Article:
Cost of an Andalucian Honeymoon
We paid 113 EURO for two return flights with hand luggage. We also decided to rent a compact car and stay in proper hotels most of the time. This would bump our expenditure up a bit, but not by much. The main season is roughly June to September for seaside places, but major cities like Cordoba and Seville will have a year-round season, with the Semana Santa and Easter and summer being super high season.
We rented our car through Sixt for 237 EURO for ten days and got a new Skoda Fabia – great for us, because we’re both Skoda drivers. You get hire cars a lot cheaper though local car hire companies, but we wanted to play it safe. Rental and return were good, we used a lot of secure and paid car parking because the average Spanish car in the street is dented, and there were no issues with the car.
I booked all our hotels though Booking.com* – not only do their prices compare well with other booking sites, but we required their assistance once on this trip – when our “budget room” in an impressive renaissance palace turned out to be a windowless sauna with central heating that could not be turned down. Reception wouldn’t budge when we requested another room. I then contacted Booking.com and requested to cancel our second night, resigned to sauna it out for one night, and two hours later we were in a room with a window, having paid 15 EURO a night to the hotel for the privilege.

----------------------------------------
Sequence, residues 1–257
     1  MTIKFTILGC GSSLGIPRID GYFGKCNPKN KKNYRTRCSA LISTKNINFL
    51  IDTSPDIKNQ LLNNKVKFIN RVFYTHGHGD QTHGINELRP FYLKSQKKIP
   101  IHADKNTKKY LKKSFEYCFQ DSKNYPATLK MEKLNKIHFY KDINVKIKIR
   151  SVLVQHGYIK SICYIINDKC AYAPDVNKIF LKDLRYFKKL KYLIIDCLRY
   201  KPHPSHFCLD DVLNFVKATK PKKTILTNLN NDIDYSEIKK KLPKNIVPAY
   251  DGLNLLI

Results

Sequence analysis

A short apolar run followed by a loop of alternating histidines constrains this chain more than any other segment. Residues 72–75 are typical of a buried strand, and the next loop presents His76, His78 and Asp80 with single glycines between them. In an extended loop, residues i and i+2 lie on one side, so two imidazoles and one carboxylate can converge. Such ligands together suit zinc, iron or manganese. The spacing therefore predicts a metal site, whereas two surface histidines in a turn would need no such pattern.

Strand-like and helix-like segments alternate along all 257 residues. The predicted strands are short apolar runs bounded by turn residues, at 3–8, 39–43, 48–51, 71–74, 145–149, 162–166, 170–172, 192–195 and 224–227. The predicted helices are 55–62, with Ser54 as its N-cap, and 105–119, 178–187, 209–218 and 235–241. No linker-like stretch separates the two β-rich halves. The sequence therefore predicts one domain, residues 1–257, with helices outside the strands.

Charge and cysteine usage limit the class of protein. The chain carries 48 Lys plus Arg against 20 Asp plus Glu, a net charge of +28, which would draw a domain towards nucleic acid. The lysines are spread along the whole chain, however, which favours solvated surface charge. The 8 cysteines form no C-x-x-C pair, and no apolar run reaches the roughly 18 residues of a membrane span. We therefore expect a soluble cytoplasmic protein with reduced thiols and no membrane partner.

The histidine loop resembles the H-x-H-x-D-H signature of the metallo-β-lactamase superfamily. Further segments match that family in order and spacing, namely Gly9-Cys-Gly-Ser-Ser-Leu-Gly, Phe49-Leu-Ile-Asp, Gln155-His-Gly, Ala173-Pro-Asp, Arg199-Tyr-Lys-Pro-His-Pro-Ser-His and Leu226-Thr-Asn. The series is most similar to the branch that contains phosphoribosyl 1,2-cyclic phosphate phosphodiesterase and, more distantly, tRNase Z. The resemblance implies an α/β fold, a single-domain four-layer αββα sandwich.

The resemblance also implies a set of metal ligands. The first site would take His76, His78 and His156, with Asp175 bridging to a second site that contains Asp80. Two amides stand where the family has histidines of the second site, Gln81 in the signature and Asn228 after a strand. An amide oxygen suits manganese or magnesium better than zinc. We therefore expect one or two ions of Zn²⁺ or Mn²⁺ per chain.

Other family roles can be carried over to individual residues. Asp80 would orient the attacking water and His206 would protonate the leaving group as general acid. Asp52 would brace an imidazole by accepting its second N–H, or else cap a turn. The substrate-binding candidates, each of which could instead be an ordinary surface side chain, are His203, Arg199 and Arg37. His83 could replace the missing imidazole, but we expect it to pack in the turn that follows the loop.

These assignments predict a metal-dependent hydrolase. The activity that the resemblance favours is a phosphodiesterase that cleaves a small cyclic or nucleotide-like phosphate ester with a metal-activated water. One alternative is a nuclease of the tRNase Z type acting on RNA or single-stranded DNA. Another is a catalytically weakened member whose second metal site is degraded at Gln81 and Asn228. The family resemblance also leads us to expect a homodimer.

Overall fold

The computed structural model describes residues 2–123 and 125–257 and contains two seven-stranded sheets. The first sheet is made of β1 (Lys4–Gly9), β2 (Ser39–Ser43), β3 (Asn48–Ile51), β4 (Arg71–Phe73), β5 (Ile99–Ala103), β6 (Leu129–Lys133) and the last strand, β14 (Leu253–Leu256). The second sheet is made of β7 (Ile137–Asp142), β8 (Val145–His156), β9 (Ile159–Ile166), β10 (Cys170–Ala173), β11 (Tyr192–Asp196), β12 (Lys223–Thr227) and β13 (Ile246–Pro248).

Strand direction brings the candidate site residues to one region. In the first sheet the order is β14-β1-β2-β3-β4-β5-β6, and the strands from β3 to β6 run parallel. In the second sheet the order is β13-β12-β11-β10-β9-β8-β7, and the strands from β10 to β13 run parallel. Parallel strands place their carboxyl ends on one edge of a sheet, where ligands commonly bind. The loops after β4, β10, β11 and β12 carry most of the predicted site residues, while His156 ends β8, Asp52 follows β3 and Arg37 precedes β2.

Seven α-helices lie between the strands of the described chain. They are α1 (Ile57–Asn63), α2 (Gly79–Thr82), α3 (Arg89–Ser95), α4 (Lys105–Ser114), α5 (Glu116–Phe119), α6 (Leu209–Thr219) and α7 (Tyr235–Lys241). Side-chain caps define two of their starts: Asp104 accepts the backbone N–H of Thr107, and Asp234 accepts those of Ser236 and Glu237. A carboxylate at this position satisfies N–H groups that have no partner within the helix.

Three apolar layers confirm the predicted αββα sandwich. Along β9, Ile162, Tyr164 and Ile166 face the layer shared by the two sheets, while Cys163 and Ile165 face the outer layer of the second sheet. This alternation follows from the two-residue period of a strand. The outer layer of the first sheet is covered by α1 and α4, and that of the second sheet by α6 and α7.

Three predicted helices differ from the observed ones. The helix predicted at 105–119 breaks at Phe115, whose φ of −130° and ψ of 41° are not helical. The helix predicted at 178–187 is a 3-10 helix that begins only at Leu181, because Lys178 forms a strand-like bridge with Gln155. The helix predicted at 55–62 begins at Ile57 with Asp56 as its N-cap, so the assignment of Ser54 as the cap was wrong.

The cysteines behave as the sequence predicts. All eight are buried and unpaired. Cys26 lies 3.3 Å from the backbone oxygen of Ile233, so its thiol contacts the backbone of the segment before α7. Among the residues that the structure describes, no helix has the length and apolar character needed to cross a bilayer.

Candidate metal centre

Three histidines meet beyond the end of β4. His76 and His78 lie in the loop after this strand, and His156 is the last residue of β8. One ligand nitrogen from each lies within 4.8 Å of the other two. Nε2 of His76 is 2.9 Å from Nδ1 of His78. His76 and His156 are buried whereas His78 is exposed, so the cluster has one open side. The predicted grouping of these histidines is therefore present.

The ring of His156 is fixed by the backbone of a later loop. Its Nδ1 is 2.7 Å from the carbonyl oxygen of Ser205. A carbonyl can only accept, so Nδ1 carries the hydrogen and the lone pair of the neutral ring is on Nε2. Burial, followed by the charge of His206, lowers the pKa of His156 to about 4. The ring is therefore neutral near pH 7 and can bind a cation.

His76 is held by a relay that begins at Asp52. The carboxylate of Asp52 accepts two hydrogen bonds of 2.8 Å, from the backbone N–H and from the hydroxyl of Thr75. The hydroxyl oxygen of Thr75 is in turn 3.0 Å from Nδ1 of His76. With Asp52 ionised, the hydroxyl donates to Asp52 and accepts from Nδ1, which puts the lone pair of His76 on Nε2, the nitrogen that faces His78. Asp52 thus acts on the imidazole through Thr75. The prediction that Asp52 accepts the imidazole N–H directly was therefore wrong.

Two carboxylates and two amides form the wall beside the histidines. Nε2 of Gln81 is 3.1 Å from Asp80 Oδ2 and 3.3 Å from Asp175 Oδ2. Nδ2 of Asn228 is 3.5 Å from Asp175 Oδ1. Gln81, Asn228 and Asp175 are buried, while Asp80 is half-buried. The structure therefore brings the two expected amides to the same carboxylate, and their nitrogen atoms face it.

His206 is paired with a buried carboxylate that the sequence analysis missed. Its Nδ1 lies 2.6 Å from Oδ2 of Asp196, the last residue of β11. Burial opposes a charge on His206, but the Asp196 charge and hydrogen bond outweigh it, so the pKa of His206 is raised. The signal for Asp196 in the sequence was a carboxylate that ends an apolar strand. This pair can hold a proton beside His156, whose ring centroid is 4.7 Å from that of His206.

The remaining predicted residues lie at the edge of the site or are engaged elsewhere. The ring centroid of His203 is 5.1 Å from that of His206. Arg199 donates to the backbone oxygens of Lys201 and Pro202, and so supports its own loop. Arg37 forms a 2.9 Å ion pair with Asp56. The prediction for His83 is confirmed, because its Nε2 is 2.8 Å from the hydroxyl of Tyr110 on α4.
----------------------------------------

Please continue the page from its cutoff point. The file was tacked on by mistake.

Staying in hotels meant eating in cafes and restaurants for 11 days, which really bumped up the cost of the trip, although prices in Andalucia are very reasonable especially when it comes to coffee and tapas.
Our Andalucian Honeymoon Route
We drove 100km a day on average. Roads in Andalucia are very good, and not very busy except in the city centres. We found there is no need to take the toll motorway between Seville and Cadiz or along de Costa del Sol. One important thing to consider is the Spanish siesta, when pretty much everything, but definitely churches, some attractions and shops close between around 13.00 to 17.00. This is much more palpable in small towns when you may have trouble finding anything open.
Our Route Map
Here is a map of the route that we took over 10 days, rather ambitious but fine if you love driving.
Here are some of our trip highlights, in the order we visited them.
Priego de Cordoba